The most admirable and undeniably genius thing about Dermaviduals, is that their range is designed to be customised – mixed into bespoke serums, cleansers, even foundation – based on specific ingredients and ratios that are married especially for your skin and what it needs. Which, by the way, makes total sense because our skin, like our personalities, is uniquely ours.
For the first few days of using Dermaviduals everything was cruising along perfectly. I noticed an immediate hydration boost and a decrease in general redness.
By day three, however, some particularly disgruntled looking lesions emerged.
After a single day, I was convinced that they had come for no reason other than to exercise a series of psychological tests on my personal inability to persist with a task despite an absence of immediate and marked indicators of progress.
Simply by recalling Asha’s calming voice, I was able to dispel my irrational thoughts: “You’re likely to see some more breakouts emerging in the first week or so” she reminds me, “this is because your skin is clearing out a huge buildup of congestion that has been sitting under your skin for some time.”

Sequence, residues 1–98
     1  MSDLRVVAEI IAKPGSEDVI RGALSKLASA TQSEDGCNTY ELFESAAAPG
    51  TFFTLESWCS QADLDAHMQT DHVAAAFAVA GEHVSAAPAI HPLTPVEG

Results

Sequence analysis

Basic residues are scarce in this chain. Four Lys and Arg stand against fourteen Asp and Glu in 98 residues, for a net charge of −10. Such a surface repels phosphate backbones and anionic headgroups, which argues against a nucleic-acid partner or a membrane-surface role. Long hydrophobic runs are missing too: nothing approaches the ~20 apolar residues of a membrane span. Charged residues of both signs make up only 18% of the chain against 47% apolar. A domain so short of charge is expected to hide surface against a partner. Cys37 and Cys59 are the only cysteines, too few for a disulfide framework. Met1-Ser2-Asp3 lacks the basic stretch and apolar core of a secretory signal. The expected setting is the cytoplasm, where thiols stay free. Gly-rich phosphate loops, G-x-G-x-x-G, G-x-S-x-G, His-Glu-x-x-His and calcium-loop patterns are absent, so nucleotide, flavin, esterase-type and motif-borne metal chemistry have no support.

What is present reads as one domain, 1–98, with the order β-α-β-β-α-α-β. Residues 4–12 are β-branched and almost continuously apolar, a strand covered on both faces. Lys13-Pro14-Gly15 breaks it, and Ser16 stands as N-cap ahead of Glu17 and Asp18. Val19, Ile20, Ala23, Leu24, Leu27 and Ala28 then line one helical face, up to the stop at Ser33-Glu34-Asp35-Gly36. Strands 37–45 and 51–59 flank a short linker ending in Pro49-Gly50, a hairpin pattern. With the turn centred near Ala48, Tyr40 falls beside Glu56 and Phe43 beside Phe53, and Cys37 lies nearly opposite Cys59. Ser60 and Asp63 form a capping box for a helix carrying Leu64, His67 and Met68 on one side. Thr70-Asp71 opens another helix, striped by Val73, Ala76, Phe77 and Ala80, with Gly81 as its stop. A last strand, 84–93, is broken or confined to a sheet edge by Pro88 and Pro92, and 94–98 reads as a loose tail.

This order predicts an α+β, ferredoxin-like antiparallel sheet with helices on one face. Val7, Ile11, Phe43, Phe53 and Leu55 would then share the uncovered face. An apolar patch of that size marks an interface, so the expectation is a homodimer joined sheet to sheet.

So, I decided to push on.
By the fourth week of sticking religiously to my dietary guidelines, obligingly downing four fish oil tablets a day and applying my customised Dermaviduals regime, my skin is starting to heal (evidence below).
In all of this, my most valuable takeaway wasn’t discovering Dermaviduals, nor was it committing to a sustainable eating plan that has boosted my energy and transformed my day-to-day wellbeing.
What most struck me was the resounding emphasis that Asha placed on shifting harmful attitudes towards our skin, and by default, ourselves. She champions a kinder, gentler approach to treating acne (or any skin issue for that matter). She speaks with a sadness about the countless patients she’s seen who allow their self-worth to be dictated by a skin problem, and it’s clear that the most important part of her role as skin expert is to promote a shift in the way that we collectively perceive acne.
Instead of considering it in relation to how one should or shouldn’t look, she urges that we try to recognise it as an opportunity to “tune in to what’s going on in our body”.
After having witnessed this shift within myself, I can say resolutely that I have stopped placing emphasis on how I look or believe I should look, instead taking this opening to reset my internal and emotional wellbeing.
I now recognise that clear, healthy skin is a by-product of looking after yourself, inside and out, emotionally and physically, and that unwell skin shouldn’t be connected to our sense of self or identity.
Asha taught me, above everything, that experiencing acne, especially as an adult, enables us to reconnect with, and deeply honour ourselves. If we choose, “it can actually be a beautiful and empowering journey.”
Words, Magdalene Shapter.